The UN said the meeting will begin in Geneva on January 22, adding: “The Geneva conference is the vehicle for a peaceful transition that fulfils the legitimate aspirations of all the Syrian people for freedom and dignity, and which guarantees safety and protection to all communities in Syria.”
Previous attempts to bring the two sides together have failed mainly because of disputes over who should represent the Syrian opposition and government, and whether Iran, Saudi Arabia and other regional powers should be at the table.
The UN said one of the key goals would be “the establishment, based on mutual consent, of a transitional governing body with full executive powers, including over military and security entities.
“The Secretary-General expects that the Syrian representatives will come to Geneva with a clear understanding that this is the objective, and with a serious intention to end a war that has already left well over 100,000 dead, driven almost nine million from their homes, left countless missing and detained, sent tremors through the region and forced unacceptable burdens on Syria’s neighbours,” it said.
It will be the second time that major powers have convened a Syria peace conference in Geneva.
The roadmap for a Syrian political transition, adopted in June 2012 in Geneva, starts with establishing a transitional governing body with full executive powers agreed to by both sides and ends with elections.
But there has been no general agreement on how to implement it, and one of the biggest sticking points has been the future role of President Bashar Assad.
Meanwhile, heavy clashes between Syrian troops and rebels trying to break a government siege in the suburbs of Damascus have killed at least 160 fighters over two days, activists have said.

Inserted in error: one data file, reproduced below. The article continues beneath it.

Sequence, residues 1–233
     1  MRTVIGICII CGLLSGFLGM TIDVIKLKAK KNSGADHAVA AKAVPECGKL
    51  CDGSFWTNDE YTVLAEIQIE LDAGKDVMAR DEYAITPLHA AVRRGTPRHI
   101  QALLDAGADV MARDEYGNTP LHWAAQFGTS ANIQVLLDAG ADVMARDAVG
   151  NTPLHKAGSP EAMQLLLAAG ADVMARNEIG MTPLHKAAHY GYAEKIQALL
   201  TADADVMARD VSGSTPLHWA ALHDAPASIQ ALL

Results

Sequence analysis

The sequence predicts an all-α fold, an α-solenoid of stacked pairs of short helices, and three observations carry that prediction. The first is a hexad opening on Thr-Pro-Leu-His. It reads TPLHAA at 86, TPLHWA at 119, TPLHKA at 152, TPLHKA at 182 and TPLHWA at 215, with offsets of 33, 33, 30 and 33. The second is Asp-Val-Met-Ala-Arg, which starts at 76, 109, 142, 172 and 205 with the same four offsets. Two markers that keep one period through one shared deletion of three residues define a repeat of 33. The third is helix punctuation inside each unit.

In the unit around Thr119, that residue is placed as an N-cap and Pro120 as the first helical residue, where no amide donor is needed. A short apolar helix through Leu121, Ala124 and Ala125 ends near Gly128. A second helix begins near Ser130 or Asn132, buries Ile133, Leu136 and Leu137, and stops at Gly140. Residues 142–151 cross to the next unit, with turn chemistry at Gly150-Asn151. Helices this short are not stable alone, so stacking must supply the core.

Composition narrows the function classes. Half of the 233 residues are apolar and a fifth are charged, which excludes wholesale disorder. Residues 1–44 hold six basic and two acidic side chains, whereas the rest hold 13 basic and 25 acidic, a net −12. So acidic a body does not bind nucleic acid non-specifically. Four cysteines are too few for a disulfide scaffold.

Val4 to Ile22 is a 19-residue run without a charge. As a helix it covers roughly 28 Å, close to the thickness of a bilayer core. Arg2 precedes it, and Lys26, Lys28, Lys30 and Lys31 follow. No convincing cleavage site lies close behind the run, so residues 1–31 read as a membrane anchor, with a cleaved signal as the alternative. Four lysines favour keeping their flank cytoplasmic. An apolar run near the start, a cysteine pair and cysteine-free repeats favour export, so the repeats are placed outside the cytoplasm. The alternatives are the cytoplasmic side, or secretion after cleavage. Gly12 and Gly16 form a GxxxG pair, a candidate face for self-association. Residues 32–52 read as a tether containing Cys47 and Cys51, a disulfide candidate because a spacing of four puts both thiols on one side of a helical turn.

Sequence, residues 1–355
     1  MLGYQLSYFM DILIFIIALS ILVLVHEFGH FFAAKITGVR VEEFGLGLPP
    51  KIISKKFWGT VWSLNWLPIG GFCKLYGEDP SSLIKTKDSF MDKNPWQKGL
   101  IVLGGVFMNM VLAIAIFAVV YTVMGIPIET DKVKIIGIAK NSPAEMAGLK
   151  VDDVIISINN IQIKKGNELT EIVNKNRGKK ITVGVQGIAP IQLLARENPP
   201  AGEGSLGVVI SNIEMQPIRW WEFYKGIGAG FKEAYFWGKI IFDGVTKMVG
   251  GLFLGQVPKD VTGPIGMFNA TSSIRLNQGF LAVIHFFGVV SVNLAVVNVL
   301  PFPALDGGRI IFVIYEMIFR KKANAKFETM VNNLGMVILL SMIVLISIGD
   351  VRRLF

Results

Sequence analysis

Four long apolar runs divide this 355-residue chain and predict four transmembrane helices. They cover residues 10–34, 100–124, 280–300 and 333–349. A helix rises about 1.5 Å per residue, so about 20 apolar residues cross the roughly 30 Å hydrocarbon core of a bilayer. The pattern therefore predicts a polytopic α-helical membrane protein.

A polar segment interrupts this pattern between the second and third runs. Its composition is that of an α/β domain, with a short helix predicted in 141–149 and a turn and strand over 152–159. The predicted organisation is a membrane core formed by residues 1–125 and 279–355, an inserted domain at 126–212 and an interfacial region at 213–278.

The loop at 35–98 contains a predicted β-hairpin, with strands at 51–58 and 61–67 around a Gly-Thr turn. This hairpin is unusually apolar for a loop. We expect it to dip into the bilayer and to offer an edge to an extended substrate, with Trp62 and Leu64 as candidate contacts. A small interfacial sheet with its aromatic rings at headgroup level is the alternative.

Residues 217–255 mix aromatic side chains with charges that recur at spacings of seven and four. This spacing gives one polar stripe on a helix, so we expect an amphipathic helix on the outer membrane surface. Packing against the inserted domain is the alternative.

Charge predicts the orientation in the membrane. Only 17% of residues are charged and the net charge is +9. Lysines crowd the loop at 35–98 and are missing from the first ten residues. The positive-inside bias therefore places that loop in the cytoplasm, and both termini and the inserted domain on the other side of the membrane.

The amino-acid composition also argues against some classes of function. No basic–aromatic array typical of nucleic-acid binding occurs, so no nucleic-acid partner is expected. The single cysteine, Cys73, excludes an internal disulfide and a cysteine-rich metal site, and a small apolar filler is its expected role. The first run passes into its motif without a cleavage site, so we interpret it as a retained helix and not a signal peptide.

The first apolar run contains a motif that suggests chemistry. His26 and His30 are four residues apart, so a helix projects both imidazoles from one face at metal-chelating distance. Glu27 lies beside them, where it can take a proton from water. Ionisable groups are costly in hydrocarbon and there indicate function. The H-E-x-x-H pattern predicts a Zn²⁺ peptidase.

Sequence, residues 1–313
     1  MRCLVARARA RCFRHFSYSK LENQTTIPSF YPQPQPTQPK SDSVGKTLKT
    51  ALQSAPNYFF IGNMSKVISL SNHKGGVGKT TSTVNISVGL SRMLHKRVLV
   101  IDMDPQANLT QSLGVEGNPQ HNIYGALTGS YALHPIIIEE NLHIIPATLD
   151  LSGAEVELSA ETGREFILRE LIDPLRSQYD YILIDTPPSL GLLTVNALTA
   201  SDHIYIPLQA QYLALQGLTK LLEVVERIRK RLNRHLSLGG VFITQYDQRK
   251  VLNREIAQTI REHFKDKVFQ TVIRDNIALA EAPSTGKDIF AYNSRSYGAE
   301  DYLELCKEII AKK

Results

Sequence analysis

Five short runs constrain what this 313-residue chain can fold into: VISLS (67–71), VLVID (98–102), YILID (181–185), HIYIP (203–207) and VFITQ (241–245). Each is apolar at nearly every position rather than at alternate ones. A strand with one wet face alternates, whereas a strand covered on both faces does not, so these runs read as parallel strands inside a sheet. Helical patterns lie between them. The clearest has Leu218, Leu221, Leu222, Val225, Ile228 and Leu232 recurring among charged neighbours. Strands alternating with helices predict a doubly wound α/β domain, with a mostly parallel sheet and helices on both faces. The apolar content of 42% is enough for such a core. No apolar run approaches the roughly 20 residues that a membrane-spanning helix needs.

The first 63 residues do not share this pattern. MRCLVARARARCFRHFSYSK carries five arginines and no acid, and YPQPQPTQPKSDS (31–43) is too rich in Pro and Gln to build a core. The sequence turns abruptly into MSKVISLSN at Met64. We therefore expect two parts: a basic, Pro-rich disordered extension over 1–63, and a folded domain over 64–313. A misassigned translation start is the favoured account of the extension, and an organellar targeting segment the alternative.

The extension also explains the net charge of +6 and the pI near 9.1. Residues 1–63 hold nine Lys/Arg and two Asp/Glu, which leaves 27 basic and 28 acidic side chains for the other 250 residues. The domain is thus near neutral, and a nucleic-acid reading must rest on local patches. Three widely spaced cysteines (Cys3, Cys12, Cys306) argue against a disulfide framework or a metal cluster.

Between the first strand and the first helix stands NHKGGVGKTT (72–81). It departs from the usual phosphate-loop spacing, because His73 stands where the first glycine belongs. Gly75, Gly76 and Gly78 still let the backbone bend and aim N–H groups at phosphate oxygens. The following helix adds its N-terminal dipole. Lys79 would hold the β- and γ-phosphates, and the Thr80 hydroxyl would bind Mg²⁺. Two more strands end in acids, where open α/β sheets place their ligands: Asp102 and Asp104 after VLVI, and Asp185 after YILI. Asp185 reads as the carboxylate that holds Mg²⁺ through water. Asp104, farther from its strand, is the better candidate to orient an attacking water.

Forces loyal to Assad have laid siege for months to rebel strongholds in the Ghouta area east of Damascus, preventing food, clean water, medicine and other supplies from entering in a bid to crush resistance.
The tactic, which activists say has led to famine, has helped government troops capture a string of rebel-held areas over the past month on Damascus’ doorstep.
The government push around the capital has coincided with gains by Assad’s forces around the northern city of Aleppo as well as a new offensive in the rugged Qalamoun region north of Damascus.
The recent victories have shifted the momentum of the conflict in Assad’s favour and given the Syrian leader greater leverage in proposed peace talks that the US and Russia are trying to convene to end the civil war.
The intense fighting in the eastern Ghouta area began on Friday when several rebel groups attacked government forces, according to the British-based Syrian Observatory for Human Rights and an activist based in Qalamoun.
Observatory director Rami Abdurrahman said the rebels were trying to open the road between Ghouta and the outside.
He said more than 160 fighters were killed on Friday and Saturday, including nearly 100 rebels, most of them from al-Qaida-linked groups, the Nusra Front and the Islamic State of Iraq and the Levant.
Among more than 60 fighters killed on the government side were 20 gunmen from the Iraqi Shiite Abu al-Fadl al-Abbas brigade, he said.
At the weekend, a string of government airstrikes on rebel-held areas of northern Syria killed at least 44 people.
Rami Abdurrahman, the director of the Britain-based Syrian Observatory for Human Rights, said the attack on the rebel-held town of al-Bab near the northern city of Aleppo was the deadliest of the three raids.